Music News

For Maddie & Tae, the "pistol" is as "real" as their hit's "Broken Heart"

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Mercury Nashville

In Maddie & Tae‘s heartbreak ballad, “Die from a Broken Heart,” the protagonist asks her mom not to tell her dad what she’s going through, adding he should “keep that pistol in the drawer.”

For Maddie Marlow, that line’s more than a sly moment of comic relief in the song, it’s autobiographical. 

“My dad does have a pistol in his drawer,” she reveals. “So it’s like, it’s very real. And I just feel like even when I got my heart broken — the many times that I’ve had my heart broken — my Texas dad, like that is such a thing, you know.”

“So I just felt like with that second verse,” she continues, “we felt like it elevated the song a little bit where it just feels like, ‘Please don’t tell Dad, but like, also keep the pistol handy.'”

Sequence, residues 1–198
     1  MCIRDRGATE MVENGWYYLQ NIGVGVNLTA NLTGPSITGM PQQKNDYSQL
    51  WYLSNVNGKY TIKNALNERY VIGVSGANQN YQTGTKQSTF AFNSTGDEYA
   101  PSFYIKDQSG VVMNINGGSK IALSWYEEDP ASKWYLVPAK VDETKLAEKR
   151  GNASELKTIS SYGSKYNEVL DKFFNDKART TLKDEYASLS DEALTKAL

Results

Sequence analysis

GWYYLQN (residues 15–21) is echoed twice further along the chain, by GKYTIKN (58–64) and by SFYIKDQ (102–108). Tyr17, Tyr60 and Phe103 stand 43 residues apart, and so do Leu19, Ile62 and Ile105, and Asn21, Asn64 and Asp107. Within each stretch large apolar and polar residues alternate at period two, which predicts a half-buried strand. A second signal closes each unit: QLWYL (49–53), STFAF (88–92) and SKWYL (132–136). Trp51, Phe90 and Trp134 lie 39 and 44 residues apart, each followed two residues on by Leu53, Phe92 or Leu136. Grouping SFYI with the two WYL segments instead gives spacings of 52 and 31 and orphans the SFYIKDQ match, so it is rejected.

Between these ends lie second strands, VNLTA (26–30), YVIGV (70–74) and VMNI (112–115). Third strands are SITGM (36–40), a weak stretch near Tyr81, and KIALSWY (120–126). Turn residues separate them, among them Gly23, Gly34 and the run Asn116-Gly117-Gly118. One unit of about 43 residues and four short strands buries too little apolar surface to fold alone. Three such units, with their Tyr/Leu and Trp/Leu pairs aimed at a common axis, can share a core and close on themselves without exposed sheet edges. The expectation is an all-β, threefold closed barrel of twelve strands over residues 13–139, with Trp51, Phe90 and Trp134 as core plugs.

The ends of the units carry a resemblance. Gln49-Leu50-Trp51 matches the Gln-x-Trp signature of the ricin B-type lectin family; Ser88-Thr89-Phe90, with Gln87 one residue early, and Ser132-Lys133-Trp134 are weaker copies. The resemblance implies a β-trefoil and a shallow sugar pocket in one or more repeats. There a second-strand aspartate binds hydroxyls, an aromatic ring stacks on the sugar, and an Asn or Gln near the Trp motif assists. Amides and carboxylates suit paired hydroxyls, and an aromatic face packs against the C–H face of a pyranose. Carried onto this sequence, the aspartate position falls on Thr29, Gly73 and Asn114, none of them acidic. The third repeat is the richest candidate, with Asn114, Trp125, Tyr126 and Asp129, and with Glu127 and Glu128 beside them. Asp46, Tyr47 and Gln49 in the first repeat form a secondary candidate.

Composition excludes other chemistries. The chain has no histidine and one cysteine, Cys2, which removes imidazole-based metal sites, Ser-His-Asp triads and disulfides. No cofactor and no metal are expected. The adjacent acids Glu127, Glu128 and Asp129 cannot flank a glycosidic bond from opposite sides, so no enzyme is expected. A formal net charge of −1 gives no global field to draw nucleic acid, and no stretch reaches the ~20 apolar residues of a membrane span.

For Tae Dye, it’s the next line that rings especially true: “Mama, please don’t say I’m gonna laugh about this some day.”

“Don’t tell me I’m gonna laugh it off, ” Tae reflects, “because right now the last thing I want to do is laugh. So, it’s just so real.”

“Something my parents always say,” Maddie chimes in, “is like, ‘Maddie, you won’t even remember his name five years from now!’ And I’m like, ‘I know, but I really know his that right now, and I’m so sad!'”

“You know, that’s not the right thing to say,” Maddie explains. “So I’m glad that we put that line in there.”

For the record, broken hearts don’t seem to be much of a concern for Maddie or Tae these days, since they’ve both recently tied the knot. 

“Die from a Broken Heart” is the second single from the duo’s sophomore album, The Way It Feels, and their first top-ten hit in nearly five years.

By Stephen Hubbard
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